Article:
Bijdragen 63 (3):311-334 (2002)

In his short text ‘La déconstruction du christianisme’ from 1998, the French philosopher Jean-Luc Nancy set up the preliminaries for his ‘deconstruction of Christianity’. This differs from a plea or a criticism of Christianity. It is the question if atheism is the very antipode of religion or if religion has a sort of auto-critical gesture towards itself. We love to say that we are – we moderns – no longer Christians, but maybe the Christian aspects of our existence are so evident, that we are no longer conscious of them. It is his thesis that Christian thinking or onto-theology in a more general way – thinking of the world out of a first Cause, a Supreme God, etc – lies itself at the basis of a thinking of the world and nothing but the world. Ontotheology, so is Nancy’s thesis, dismantled or autodeconstructed itself and became more and more, a thinking of the immanent world. In this respect, he seems to affirm the classic thesis of secularisation: in a society based on religion, the sense of the world is situated above the world, or has an over-worldwide status. In a secular society, sense would finally be immanent in the world. The truth is that he questions nothing but this thought. Take for example the question whether our existence has a meaning. The thought that it really has and that it is attached to existence by some self constitutive instance – whether it is a God or a subject – is present as well in Christianity as in atheism. Nancy tries to think the sense of the world out of the transcendental conditions of our existence. An atheist world is a world in which sense is no longer attached to the world, but where it is the condition of our Being-in-the-world as such. The world does not have sense, it is sense, and this naked existence means that we have to exist in the sense that we are. We are exposed to the world and to ourselves, and that is the sense of existence, of our being-together-in-the world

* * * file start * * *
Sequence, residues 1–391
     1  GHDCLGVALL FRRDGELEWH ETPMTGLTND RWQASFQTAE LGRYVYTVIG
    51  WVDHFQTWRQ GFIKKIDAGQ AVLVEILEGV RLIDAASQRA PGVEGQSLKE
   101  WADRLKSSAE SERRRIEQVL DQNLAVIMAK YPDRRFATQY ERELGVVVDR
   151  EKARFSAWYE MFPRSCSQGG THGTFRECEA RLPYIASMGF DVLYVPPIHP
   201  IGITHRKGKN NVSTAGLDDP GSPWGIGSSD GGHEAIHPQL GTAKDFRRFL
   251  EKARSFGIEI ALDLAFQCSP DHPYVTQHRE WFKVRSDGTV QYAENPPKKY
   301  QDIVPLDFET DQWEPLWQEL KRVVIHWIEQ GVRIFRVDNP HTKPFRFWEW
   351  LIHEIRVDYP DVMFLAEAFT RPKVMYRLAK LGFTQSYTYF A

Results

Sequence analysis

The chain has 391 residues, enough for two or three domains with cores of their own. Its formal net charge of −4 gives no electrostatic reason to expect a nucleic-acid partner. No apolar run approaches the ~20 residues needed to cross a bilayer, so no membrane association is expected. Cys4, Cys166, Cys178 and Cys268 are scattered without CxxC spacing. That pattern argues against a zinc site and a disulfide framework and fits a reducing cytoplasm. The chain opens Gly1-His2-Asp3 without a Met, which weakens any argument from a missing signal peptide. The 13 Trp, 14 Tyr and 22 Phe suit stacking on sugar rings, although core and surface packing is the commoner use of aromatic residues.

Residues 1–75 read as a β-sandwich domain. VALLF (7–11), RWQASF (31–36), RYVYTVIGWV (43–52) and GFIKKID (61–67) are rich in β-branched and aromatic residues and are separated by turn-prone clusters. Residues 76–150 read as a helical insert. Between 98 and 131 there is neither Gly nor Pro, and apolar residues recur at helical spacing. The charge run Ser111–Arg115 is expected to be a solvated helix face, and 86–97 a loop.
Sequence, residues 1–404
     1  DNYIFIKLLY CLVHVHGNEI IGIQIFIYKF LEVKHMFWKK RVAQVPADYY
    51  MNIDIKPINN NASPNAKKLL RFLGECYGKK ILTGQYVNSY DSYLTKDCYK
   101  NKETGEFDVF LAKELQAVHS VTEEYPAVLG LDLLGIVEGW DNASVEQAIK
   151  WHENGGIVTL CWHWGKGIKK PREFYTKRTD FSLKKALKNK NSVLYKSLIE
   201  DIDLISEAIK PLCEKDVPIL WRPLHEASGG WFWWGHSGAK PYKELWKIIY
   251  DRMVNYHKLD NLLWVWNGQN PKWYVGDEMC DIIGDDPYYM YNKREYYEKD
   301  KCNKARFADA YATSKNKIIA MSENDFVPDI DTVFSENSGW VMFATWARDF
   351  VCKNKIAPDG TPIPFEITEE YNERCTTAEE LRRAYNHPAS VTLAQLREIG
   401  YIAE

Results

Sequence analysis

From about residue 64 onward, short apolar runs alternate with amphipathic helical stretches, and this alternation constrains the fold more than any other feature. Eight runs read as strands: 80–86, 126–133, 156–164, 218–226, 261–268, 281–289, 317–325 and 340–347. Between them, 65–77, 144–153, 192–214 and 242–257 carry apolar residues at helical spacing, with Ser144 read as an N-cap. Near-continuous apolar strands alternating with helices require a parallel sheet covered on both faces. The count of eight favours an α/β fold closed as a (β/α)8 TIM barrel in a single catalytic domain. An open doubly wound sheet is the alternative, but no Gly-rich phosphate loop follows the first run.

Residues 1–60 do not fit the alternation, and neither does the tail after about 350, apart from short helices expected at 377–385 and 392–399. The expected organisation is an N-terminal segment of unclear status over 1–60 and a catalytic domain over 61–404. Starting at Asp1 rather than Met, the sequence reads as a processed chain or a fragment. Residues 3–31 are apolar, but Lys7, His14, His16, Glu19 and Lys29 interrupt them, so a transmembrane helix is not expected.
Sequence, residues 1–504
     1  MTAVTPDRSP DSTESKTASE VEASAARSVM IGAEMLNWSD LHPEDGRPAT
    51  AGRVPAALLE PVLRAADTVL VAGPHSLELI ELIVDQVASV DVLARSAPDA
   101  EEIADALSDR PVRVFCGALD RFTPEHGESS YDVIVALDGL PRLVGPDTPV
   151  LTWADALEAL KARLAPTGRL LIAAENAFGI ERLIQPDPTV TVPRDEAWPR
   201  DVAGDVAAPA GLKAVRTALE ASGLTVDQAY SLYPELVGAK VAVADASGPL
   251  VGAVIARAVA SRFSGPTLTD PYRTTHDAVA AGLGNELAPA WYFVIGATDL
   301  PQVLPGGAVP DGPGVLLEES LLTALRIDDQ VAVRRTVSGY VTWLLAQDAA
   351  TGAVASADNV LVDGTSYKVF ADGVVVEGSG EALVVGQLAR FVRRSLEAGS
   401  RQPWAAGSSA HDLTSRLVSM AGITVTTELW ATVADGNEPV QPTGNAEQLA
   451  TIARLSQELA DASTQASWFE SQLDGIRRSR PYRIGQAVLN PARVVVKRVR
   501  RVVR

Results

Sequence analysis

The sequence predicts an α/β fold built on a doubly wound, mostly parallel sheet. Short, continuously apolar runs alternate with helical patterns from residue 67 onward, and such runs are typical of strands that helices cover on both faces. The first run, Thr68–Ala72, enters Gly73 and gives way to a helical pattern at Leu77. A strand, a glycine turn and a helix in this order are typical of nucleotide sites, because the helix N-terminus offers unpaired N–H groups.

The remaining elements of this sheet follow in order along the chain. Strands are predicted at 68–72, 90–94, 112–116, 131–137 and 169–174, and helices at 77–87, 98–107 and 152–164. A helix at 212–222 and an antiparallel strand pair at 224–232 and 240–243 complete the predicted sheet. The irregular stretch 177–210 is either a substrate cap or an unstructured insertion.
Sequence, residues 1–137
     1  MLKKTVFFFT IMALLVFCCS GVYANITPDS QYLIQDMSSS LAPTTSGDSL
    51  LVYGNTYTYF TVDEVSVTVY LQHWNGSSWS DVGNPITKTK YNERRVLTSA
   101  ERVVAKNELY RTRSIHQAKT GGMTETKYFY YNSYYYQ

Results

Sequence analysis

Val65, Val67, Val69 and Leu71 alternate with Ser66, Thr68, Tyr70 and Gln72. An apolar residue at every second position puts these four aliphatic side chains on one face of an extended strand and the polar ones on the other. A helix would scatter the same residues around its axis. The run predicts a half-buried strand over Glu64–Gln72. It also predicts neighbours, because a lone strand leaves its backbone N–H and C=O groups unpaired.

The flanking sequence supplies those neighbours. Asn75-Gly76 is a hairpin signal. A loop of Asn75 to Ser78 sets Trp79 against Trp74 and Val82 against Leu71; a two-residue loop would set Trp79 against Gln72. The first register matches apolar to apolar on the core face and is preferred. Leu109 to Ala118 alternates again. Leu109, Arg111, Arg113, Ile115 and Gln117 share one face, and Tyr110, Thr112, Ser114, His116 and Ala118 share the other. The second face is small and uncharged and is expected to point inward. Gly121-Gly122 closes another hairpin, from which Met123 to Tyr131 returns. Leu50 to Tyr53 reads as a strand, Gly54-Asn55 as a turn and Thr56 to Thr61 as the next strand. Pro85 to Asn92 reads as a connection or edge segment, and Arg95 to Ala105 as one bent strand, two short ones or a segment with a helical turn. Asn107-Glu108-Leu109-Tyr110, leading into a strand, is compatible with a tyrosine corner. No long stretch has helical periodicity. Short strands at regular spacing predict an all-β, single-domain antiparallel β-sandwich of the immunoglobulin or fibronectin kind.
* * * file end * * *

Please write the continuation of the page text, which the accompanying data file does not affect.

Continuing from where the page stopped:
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DOI 10.2143/bij.63.3.813
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